Ryan Doerfler, a scholar whose work on statutory and constitutional interpretation grew from an interdisciplinary focus on law, epistemology, and the philosophy of language, joined the Law School’s faculty this summer as a professor of law. Doerfler served as a Harry A. Bigelow Teaching Fellow between 2014 and 2016 and as the Walter V. Schaefer Visiting Assistant Professor of Law during Winter Quarter 2019.
“This is a really wonderful community, and it is exciting to come back and rejoin that group,” said Doerfler, who spent three years as an assistant professor at the University of Pennsylvania Law School after his Bigelow Fellowship. “The atmosphere at the Law School is distinctive and amazing. It’s such an interactive, engaged faculty climate.”
Dean Thomas J. Miles, the Clifton R. Musser Professor of Law and Economics, called Doerfler a “brilliant scholar” whose work “underscores the immense value of interdisciplinary inquiry.”
“We are excited by Ryan’s scholarly work, which addresses important questions about statutory language and meaning, as well as by the exemplary teaching he displayed as a Bigelow Fellow,” Miles said. “We are absolutely delighted to welcome him back to the Law School.”
Doerfler, who majored in philosophy as an undergraduate at Wake Forest University, earned a PhD in philosophy in 2011 and a JD in 2013, both from Harvard. After law school, he clerked for the Honorable Sandra L. Lynch for the US Court of Appeals for the First Circuit and has been a visiting law professor at both Columbia and Harvard. His recent scholarly work includes, “Can a Statute Have More Than One Meaning?” (New York University Law Review, 2019), which examines whether statutory language can mean different things in different cases, and “High-Stakes Interpretation,” (Michigan Law Review, 2018), which explores why courts often interpret text differently when deciding high-stakes cases.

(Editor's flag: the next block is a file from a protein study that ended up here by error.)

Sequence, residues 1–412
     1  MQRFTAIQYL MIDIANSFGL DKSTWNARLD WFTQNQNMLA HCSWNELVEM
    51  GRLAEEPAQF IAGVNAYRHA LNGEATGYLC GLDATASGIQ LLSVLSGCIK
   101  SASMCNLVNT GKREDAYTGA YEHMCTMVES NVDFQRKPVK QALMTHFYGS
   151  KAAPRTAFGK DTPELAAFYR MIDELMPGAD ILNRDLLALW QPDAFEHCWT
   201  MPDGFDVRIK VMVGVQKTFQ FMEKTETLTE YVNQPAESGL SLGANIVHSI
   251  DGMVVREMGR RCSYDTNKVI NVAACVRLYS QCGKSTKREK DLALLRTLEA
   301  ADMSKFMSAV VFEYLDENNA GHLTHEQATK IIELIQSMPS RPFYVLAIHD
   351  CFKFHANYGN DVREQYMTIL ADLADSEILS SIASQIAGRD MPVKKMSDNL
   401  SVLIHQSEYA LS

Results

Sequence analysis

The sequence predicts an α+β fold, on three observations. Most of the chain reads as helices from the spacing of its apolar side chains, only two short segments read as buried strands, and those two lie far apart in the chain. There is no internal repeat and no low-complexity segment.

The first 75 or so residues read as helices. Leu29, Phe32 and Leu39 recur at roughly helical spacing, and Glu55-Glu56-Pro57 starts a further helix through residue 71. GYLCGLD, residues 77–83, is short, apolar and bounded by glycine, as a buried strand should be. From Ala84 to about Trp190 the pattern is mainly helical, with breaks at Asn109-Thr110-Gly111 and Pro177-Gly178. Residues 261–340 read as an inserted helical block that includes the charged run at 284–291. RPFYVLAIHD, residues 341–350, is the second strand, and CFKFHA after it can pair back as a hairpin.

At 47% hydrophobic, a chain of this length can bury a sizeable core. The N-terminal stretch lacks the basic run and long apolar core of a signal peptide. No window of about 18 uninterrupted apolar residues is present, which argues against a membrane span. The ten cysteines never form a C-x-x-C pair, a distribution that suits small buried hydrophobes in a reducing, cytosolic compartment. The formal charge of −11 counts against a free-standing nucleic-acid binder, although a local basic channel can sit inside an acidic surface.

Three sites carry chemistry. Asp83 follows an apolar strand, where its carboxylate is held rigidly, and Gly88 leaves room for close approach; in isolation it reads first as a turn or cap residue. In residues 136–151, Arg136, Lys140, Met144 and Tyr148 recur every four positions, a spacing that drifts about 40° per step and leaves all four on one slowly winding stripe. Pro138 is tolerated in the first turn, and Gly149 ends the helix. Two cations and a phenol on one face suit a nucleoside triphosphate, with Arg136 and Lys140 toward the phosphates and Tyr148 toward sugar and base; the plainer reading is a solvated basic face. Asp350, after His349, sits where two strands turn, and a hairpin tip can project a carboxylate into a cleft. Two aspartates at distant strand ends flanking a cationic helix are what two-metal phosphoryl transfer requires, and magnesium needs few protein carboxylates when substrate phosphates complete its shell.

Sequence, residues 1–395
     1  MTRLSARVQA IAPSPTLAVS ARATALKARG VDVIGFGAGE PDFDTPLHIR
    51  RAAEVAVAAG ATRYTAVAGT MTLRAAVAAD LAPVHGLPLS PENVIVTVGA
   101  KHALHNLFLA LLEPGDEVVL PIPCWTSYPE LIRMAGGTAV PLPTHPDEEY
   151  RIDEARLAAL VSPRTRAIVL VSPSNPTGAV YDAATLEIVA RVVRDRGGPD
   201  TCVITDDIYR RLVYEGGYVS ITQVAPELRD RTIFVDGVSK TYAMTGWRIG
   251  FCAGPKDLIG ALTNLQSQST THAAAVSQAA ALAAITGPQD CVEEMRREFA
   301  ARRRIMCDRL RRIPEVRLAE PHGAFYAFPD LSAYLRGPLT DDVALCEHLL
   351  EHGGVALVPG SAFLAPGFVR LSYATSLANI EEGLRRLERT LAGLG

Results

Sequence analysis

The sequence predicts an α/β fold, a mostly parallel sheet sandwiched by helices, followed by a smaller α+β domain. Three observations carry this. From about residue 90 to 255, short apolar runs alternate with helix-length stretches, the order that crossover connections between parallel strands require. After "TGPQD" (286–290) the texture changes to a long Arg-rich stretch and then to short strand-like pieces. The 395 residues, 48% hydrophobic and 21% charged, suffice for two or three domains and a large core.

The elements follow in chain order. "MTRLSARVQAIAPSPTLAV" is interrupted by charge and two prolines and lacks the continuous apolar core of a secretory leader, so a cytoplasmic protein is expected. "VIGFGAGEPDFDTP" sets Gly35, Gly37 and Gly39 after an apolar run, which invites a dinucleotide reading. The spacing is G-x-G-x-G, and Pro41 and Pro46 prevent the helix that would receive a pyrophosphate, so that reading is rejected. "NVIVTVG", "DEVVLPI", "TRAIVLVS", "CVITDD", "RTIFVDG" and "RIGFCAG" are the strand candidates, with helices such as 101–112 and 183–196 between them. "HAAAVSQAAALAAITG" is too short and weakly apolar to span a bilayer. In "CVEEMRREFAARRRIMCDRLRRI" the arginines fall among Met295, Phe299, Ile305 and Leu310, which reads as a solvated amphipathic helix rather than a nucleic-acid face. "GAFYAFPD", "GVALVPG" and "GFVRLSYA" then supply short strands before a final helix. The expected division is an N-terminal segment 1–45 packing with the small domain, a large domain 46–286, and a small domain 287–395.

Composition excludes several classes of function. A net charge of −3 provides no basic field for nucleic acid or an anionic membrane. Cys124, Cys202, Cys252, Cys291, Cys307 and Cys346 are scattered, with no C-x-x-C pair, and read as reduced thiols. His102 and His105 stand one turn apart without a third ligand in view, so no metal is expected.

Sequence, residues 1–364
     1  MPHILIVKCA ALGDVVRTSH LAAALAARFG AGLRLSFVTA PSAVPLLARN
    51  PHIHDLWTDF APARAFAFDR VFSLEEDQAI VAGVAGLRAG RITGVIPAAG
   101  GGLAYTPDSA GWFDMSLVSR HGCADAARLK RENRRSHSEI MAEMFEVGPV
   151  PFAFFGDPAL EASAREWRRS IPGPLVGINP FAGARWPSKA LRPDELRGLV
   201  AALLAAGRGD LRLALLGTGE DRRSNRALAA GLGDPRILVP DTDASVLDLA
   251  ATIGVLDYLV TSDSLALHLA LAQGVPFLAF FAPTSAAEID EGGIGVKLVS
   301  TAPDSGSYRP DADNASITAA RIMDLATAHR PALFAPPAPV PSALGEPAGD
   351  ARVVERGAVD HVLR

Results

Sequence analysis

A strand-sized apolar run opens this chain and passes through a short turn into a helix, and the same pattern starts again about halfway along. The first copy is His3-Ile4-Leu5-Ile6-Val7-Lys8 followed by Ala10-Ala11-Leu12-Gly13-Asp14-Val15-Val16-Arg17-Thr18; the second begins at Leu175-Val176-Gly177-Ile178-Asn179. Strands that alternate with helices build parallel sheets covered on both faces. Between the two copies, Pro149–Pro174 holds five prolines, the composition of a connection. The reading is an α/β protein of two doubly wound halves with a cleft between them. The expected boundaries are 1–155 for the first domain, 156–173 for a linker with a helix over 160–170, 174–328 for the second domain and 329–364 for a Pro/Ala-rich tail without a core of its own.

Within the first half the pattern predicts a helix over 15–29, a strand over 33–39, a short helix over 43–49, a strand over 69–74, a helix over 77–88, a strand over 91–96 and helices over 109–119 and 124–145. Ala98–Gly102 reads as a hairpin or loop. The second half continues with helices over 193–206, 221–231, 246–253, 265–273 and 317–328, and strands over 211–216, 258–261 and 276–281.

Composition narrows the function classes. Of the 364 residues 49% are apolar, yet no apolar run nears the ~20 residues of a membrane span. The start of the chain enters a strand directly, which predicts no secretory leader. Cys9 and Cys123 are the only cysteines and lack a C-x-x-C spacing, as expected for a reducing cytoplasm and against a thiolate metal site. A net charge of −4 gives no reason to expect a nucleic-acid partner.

“Ryan’s research and teaching add significantly to our strengths in public law and interdisciplinary work,” said Alison LaCroix, the Robert Newton Reid Professor of Law and the chair of the lateral appointments committee. “His work is esteemed by leading scholars in the fields of legislation and statutory interpretation, as well as by legal philosophers. At a relatively early stage in his career, Ryan has already become a significant voice at the center of debates over statutory meaning and analysis, engaging with questions and methods that are of particular interest to the current Supreme Court.”
Doerfler’s interest in the intersection of philosophy and law emerged early in law school, when he took a course titled Legislation and Regulation. As a doctoral student, he had focused on applying the philosophy of language to normative discourse about ethics, art, and other topics. But as he considered the meaning of various statutes and regulations, he found himself applying his linguistic thinking and, ultimately, exploring the impact that different methods of statutory interpretation have on judicial decision-making.
“A lot of the questions that we were being asked in that course just struck me as the applied philosophy of language,” Doerfler said. “I saw this obvious connection between the work I’d been doing on these more abstract, theoretical issues and these [more concrete] questions in the law.”
Doerfler, who is currently working on a paper that proposes a new framework for evaluating doctrines that assign significance to the “clarity” of a statutory text, says these areas of inquiry are of particular relevance as courts pay increasing attention to the intended meaning of the Constitution and other laws.
“The issues surrounding statutory interpretation are a topic of wide debate, especially on the Court,” Doerfler said. “I think right now we’re at an interesting point. Exactly how the law of statutory interpretation is going to develop is really up for grabs.”
Doerfler, who teaches administrative law and legislation, says he enjoys being in the classroom, adding that statutory interpretation has “immediate practical utility for law students.”
“If you work in litigation—as a lot of our students do—a lot of what you do is going to involve either interpretation of statutes or interpretation of regulations,” he said. “These are direct skills that apply across a wide range of subject-matter areas.”